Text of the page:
OTTAWA — The Liberals have once more won the most seats in the House of Commons, but this time they do not have an outright majority. So what happens next?
With fewer than the 170 seats needed to command the House on their own, Justin Trudeau will need the support of at least one other party to pass legislation in Parliament — and survive a confidence vote on a speech from the throne laying out his plans for governing.
Before then, Trudeau will have to deal with some of the implications of Monday’s results.
Trudeau is still the prime minister and Canada is technically still in the same “ministry” — essentially, the same cabinet or administration — as before the election.
However, the first decision Trudeau makes will likely be to reshuffle his cabinet, considering Public Safety Minister Ralph Goodale and Natural Resources Minister Amarjeet Sohi lost their seats.
Trudeau’s next decisions will be to set a time for Parliament to reconvene. Technically, the Governor General summons a new Parliament, but does so on the advice of the prime minister.
The timing of reconvening the House has varied throughout Canadian history. In 2015, it took over a month for MPs to be called back to Ottawa, though a new cabinet was sworn in far earlier than that. Given that there is less dramatic change than in that year, it’s possible we may see Parliament return sooner.
When the new Parliament sits, its very first order of business will be the election of a Speaker. Geoff Regan, the current Speaker, was re-elected to his Halifax-area seat Monday but isn’t automatically returned to the position.
The longest-serving MP in the House will preside over that election. Louis Plamondon, a Bloc MP, will oversee the proceedings for the fourth time — Plamondon has held his Quebec seat since 1984 and was comfortably re-elected.
And it’s after the election of the Speaker that the main event begins, with a speech from the throne. In the speech, the government will lay out its priorities and hint at what direction it will take in the new Parliament.
The speech from the throne is also the first opportunity for opposition parties to try to bring down the government in a confidence challenge. Since the Liberals have less than a majority of seats, they will need to make sure they can secure at least 170 votes to keep the confidence of the House and their grip on power.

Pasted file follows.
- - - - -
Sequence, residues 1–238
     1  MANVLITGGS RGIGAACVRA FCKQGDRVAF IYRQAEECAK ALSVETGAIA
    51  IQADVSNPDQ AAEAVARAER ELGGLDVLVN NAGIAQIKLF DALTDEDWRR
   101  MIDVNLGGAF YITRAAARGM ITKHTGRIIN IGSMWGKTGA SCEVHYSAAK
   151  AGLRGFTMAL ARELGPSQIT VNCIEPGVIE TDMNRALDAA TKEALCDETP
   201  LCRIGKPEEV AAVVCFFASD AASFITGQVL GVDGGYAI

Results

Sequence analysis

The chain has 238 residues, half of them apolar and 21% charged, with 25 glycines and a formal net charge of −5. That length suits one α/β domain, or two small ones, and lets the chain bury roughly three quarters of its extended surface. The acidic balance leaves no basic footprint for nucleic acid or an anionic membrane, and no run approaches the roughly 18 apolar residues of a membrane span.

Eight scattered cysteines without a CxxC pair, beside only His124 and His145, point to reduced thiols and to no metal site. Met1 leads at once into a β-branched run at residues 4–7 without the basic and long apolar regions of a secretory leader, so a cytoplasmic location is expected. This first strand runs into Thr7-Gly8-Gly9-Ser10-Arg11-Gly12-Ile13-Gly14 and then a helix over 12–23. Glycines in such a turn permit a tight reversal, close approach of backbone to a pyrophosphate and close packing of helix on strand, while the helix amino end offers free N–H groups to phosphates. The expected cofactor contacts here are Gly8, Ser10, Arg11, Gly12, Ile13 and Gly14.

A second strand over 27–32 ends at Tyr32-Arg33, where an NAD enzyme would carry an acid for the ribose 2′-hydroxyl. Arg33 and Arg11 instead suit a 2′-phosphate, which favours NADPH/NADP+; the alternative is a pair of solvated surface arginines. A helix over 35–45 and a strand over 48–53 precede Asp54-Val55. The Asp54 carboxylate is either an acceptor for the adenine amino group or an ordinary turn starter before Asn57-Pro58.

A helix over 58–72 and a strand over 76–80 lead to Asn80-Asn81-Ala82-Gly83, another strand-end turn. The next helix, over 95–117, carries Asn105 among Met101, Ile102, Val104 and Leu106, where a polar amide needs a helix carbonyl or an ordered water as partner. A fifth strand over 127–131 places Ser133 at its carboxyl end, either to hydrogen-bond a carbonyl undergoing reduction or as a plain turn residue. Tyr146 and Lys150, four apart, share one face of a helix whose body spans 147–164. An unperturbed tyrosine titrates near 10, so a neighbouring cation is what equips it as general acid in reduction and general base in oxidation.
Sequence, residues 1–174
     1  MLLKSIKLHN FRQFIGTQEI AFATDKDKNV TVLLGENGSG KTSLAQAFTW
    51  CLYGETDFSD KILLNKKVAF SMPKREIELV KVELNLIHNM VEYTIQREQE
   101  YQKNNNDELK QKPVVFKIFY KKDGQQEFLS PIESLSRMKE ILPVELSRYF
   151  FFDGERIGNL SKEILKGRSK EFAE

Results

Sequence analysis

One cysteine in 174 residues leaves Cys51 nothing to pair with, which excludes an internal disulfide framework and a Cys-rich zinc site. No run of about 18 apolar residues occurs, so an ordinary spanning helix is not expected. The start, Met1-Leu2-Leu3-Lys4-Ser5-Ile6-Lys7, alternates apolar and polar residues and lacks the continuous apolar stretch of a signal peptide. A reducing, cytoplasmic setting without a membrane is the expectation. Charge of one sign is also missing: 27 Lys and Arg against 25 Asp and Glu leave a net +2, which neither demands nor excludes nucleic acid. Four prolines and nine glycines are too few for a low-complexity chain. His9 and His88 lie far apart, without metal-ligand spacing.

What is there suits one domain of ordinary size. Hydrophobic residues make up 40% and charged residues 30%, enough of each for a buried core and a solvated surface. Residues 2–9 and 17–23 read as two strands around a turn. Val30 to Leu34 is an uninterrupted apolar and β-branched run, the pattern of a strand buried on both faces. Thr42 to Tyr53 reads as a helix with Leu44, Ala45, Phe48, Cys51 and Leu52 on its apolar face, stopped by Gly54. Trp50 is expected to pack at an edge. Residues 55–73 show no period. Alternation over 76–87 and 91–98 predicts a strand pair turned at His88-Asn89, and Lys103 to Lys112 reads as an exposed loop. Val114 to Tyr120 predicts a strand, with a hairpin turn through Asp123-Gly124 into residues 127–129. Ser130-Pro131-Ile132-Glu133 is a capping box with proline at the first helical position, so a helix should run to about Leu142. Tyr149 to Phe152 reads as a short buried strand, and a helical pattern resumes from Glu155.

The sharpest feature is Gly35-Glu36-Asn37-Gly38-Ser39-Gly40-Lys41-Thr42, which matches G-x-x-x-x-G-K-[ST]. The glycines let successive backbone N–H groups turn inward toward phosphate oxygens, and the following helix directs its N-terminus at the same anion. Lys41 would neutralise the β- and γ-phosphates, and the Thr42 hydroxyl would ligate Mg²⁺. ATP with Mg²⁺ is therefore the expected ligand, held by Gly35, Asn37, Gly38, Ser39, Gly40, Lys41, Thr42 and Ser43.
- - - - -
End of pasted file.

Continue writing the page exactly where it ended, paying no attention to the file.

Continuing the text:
Trudeau has a few options. For one, he might bet that no party will want to bring down the government and potentially force another election — or otherwise give the Conservatives the opportunity to form government.
In that case, Trudeau would not make any agreements with the opposition parties, bet that he would survive a potential confidence vote anyway, and from there see if he could secure support on an issue-to-issue basis.
But if he wants a more stable situation, Trudeau could make a more formal deal with another party to secure its support on confidence matters, an arrangement dubbed a “confidence and supply” agreement.
Such an deal is in place in British Columbia, where the NDP are in government and maintain a parliamentary majority thanks to support from the provincial Greens.
At the federal level, the most likely partner for such an agreement would be the NDP under Jagmeet Singh. During the campaign, Singh laid out six priorities for supporting another party in a minority, including pharmacare, investments in housing and action on climate change.
In exchange for maintaining the minority government, the NDP would expect to influence government policy on these files.
It’s possible that the Liberals could form a formal coalition with another party — in which members of the other party serve in cabinet — to maintain a majority, though this is unlikely.
The Bloc also has enough seats to sustain a Liberal government if it chooses to do so.
However they get there, the goal of the Liberals will be to make sure they have at least 170 votes for confidence challenges and pieces of major legislation.
Whether Trudeau wants to cut a deal with another party or take it vote by vote is up to him.
This report by The Canadian Press was first published on Oct. 22, 2019.
Christian Paas-Lang, The Canadian Press